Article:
Now based on where our discussion is pointing, it seems counterintuitive to suggest the information flow right now is in a state of disorder and, after the tipping point is reached will converge into a state of order. After all, if the tipping point is to unleash a period of market turmoil, does that not imply disorder and chaos?
Actually, it does not if you’re thinking like a neuroscientist or Nassim Taleb. You might remember our recent review of Mr. Taleb’s new must-read book Antifragile: Things that Gain from Disorder.
So what we should do is try to visualize the life cycle of a system’s advancement and decline between states of order and disorder. Here’s a diagram we’ve produced that we think generally applies:
I think the diagram is relatively clear. Now let’s assume the system in question is financial markets.
The financial crisis brought disorder. And that disorder bred advancement in financial markets. But amidst this advancement grew up initiatives aimed at producing order, e.g. extraordinary monetary policy.
Our central banks have built a highly-ordered financial system. And because of how the elements in such a complex financial system causally influence one another, our central banks cannot extract a vital element of the system — QE — without causing financial market instability.
It is why we’re constantly suffering through people like Larry Summers, confounded in their smug intellectualism (at best), bumbling on about keeping the lights on during a power outage. He of course equates power outage with economic/financial crisis andlights with fiscal/monetary stimulus.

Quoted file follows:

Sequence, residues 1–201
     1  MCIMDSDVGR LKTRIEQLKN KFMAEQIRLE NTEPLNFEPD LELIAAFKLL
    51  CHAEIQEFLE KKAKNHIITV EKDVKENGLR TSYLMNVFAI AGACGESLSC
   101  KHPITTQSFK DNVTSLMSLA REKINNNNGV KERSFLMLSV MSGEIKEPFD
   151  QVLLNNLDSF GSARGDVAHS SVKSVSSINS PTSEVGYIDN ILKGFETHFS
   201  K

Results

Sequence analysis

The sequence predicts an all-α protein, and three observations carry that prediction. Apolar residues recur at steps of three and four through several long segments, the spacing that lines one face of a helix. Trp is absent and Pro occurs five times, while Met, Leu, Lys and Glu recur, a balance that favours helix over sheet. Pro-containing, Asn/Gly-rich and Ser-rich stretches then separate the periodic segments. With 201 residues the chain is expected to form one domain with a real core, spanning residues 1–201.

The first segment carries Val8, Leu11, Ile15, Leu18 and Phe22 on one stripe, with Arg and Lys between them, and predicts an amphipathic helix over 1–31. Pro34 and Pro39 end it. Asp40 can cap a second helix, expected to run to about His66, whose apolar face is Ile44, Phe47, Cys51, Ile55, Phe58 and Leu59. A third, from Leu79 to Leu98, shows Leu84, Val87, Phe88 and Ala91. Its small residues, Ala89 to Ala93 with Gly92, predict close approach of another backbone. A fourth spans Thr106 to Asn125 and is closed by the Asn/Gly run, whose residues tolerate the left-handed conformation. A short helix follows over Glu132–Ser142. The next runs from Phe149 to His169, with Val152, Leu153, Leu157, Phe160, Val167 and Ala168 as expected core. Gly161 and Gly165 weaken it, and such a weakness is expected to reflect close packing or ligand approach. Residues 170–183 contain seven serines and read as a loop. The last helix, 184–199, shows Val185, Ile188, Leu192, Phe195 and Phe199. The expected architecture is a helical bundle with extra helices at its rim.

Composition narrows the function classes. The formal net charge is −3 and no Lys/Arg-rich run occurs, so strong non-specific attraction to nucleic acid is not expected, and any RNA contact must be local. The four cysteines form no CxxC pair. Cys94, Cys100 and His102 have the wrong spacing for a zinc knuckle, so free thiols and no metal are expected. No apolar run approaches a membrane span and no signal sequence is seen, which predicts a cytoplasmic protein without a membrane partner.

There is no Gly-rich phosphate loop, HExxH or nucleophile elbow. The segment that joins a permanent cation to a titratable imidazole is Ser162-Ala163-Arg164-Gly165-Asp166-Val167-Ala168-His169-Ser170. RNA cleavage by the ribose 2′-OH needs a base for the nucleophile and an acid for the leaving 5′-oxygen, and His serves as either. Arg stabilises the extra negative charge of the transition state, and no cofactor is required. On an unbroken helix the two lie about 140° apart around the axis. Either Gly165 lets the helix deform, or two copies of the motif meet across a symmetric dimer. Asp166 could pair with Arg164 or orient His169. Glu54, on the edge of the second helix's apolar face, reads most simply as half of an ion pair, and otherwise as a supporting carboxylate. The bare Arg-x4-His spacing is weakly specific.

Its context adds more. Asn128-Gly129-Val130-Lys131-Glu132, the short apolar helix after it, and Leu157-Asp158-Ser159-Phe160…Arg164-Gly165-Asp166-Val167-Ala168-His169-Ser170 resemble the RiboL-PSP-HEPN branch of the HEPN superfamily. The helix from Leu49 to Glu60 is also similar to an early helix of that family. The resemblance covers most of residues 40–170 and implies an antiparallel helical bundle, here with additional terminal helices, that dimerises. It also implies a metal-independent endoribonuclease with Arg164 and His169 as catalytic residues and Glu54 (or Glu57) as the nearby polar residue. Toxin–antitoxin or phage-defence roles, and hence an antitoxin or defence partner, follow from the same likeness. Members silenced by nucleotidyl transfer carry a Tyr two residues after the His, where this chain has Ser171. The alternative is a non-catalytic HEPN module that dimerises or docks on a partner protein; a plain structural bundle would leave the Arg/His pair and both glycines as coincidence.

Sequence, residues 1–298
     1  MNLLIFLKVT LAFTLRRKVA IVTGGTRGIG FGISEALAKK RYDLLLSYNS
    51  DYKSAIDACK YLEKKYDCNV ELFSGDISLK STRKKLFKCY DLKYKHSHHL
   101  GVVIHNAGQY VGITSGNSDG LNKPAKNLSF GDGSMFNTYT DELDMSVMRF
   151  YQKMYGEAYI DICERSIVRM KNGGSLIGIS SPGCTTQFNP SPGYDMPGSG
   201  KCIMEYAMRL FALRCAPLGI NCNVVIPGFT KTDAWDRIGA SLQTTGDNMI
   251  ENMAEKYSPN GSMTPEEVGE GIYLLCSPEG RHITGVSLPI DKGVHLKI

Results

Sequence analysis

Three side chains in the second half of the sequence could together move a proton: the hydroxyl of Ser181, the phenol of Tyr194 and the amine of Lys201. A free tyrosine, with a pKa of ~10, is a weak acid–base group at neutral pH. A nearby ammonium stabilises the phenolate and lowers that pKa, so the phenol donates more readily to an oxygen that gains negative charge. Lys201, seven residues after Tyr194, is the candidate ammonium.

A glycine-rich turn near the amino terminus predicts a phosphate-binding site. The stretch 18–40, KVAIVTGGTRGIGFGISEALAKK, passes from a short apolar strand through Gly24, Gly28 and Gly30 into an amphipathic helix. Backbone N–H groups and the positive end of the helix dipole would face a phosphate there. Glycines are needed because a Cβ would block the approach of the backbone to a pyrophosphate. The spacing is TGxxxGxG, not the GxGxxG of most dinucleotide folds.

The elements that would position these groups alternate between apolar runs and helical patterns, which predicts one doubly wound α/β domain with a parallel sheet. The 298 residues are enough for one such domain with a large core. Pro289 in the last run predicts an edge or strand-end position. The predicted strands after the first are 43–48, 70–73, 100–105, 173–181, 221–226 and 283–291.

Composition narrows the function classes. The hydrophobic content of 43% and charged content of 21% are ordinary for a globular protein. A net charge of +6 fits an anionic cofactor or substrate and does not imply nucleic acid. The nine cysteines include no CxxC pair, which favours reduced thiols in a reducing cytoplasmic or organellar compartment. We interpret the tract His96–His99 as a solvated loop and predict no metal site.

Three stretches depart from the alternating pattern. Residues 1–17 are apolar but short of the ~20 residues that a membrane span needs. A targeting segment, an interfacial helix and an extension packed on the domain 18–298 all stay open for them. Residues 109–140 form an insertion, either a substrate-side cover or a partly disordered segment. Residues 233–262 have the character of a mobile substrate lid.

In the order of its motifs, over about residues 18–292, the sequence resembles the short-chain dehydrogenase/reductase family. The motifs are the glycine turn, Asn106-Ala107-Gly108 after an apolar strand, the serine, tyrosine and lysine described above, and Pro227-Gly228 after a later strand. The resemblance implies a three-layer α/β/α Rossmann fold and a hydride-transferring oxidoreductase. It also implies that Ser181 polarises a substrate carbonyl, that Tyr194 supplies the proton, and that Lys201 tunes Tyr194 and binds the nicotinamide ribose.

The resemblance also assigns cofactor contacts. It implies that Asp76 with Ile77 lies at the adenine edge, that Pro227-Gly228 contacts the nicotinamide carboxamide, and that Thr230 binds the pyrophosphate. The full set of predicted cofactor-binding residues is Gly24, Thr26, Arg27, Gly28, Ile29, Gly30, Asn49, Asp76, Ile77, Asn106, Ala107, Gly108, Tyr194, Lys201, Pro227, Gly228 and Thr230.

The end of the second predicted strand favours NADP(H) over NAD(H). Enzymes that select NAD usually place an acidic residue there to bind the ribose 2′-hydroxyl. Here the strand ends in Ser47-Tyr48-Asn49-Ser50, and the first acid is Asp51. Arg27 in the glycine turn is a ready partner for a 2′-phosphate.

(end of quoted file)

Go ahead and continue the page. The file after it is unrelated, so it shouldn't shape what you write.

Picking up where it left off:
It’s his analogy to why it’s so important to “contain the financial system.”
And though he did throw out a token criticism of monetary policy at the end — low rates are an inhibitor of economic growth — his overall implication is one that requires a fiscal policy to more closely manage the economy so the lights don’t go off.
But monetary policy, in an effort to enable a dysfunctional fiscal policy, has effectively commandeered control of the light-switch. But because they’ve sought stability in the financial system first and foremost. They sought merely, albeit actively, to restore sentiment instead of letting the economy clear out excesses and malinvestment.
These problems linger. And these problems continue to push down on the light-switch. The only thing holding up the light-switch is indeed extraordinary accommodation.
The million dollar question: can more accommodation, whether monetary or fiscal, in an effort to contain the financial system, eliminate the pressures pushing down on the light-switch?
As Mr. Summers mentioned, we’re four to five years down the road now. I ask: why hasn’t accommodation worked yet? And no, Paul Krugman, I’m not asking you because I already know your answer.
Are we closer to financial system decline — the collapse of the highly-ordered system — than most are willing to believe? If so, maybe we should look at the good that could come from disorder in our financial system …
After all, we’d see the deterioration of “a chronic inhibitor of economic growth”, that which is “holding our economies back from achieving their true potential.”